Thanksgiving, in my opinion, gets the short end of the stick. Christmas kicks it in the be-hind before anyone has even carved a turkey or said “thanks.”
With that knowledge and sympathy for Turkey Tom’s and Jake’s around the States, I tried harder this past November 24 to dwell on what makes me thankful. On the faces and places I hold dear. And I felt like I had to work extra hard this year. Especially due to my mom’s current cancer and chemo situation – an unfortunate leg of our family’s journey that we must journey together for reasons unknown to us now. Something we’ll look back on some Thanksgiving – years from now – and give Thanks for the support and healing.
But this year…I may not have audibly announced to the world around me my thanks for specific people or events in my life. I may not have written words of thanks on WordPress for people to StumbleUpon or Twitter. I may not have told specific people that I truly am thankful for who they are and how they love. Somewhere in the deep recesses of my heart, always on the brink of bubbling over, I am thankful. For all of the above.
Thanksgiving was spent Up North – a true oasis from the city/suburban life I lead. Upon arriving at our Up North destination, after hugs and hello’s, I headed into the woods with my family – sister, dad, Uncle, cousins, and cousin’s kids – to shoot some guns. All of us “girls” gave it a go. All of the guys gave us tips and pointers. And according to Cousin B, my facial expressions after shooting the 22 were quite entertaining. Fresh air and fire arms – it was a great start to our day of Thanks.
Back at the house, I ran around with my cousin’s kids – playing ping pong, a wild game of knee hockey, and jumping on mini dirt bikes and buzzing around the front yard. I was re-introduced to young kids – kids too young to remember our first meeting. Cousin B and his wife told their young son, “This is Cousin Meg!” and it was probably at that point (or when my cousin’s middle school daughter rounded up my age and launched me into the next decade of my life – the fact that she’s in middle school already makes me feel old) when I realized how much life has changed.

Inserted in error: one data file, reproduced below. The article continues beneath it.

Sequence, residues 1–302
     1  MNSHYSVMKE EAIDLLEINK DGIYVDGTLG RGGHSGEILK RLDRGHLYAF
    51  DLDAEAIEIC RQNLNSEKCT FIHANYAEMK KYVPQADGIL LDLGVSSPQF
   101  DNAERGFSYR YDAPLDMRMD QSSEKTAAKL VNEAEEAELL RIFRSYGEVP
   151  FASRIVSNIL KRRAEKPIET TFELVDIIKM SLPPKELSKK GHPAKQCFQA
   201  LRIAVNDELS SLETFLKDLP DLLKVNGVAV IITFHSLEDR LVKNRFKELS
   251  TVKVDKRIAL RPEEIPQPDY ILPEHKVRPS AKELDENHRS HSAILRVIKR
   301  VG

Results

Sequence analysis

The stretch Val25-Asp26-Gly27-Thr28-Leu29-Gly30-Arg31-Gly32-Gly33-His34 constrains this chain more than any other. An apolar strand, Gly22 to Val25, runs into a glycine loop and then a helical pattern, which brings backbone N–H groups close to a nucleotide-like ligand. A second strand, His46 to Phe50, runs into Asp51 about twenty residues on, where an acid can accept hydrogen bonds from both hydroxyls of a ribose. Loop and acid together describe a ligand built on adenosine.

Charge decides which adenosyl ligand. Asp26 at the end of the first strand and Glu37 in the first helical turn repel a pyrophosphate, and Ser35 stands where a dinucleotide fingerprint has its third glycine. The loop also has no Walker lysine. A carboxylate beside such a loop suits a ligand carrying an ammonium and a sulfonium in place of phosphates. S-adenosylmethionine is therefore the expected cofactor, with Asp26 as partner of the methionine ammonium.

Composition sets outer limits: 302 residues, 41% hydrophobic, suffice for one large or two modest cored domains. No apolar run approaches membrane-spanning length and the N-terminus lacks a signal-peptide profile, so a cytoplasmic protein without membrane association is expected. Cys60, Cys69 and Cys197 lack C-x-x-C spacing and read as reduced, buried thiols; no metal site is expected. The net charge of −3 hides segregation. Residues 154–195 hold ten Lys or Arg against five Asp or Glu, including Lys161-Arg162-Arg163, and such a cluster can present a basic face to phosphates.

Looking into the faces of my cousin’s kids was like looking in a mirror. If I close my eyes for a second – I am five years old, eight years old, ten years old, fourteen years old – playing hide-and-go-seek, plating up food at Thanksgiving, wrestling cousins three times my size, scheming on ways to win board games, and chatting without a care to cousins who cared. Many November 24ths have come and gone in my lifetime. But with every November – every December – I see the faces of my cousins, now parents, smiling and laughing along with me all those years ago. Through the years. They’ve been there for me. They’re still here for me. Taking time to talk, listen, and laugh.
That’s why I went out of my way to hang with their kids this Thanksgiving. Forget the fact that their kids are all adorable with witty ways to boot. Forget the fact that my education and career center around kids and their learning and development. Sure, that probably is why I don’t run and hide when I see kids, but it is not the one and only reason why I love being with my cousin’s kids. It all boils down to thanks. Thanking my family – my grandparents for raising great kids – my mom who loves unconditionally and my dad who stands by her side “in sickness and in health.” My aunts and uncles for raising great kids – cousins who taught me more than they’ll ever know. And my cousins for raising great kids. Thanking my family for being there for me all those years and tears. Thanking my cousins for being my playmates and teachers.
I can only hope and pray that by being there for my little cousins (first cousin once removed, right?) right now, this instant, that I can reflect a piece of the gratitude I feel toward my cousins. Afterall, that’s what Thanksgiving is about. Reflecting the thanks we feel for the helping hands and hearts of people we love and cherish.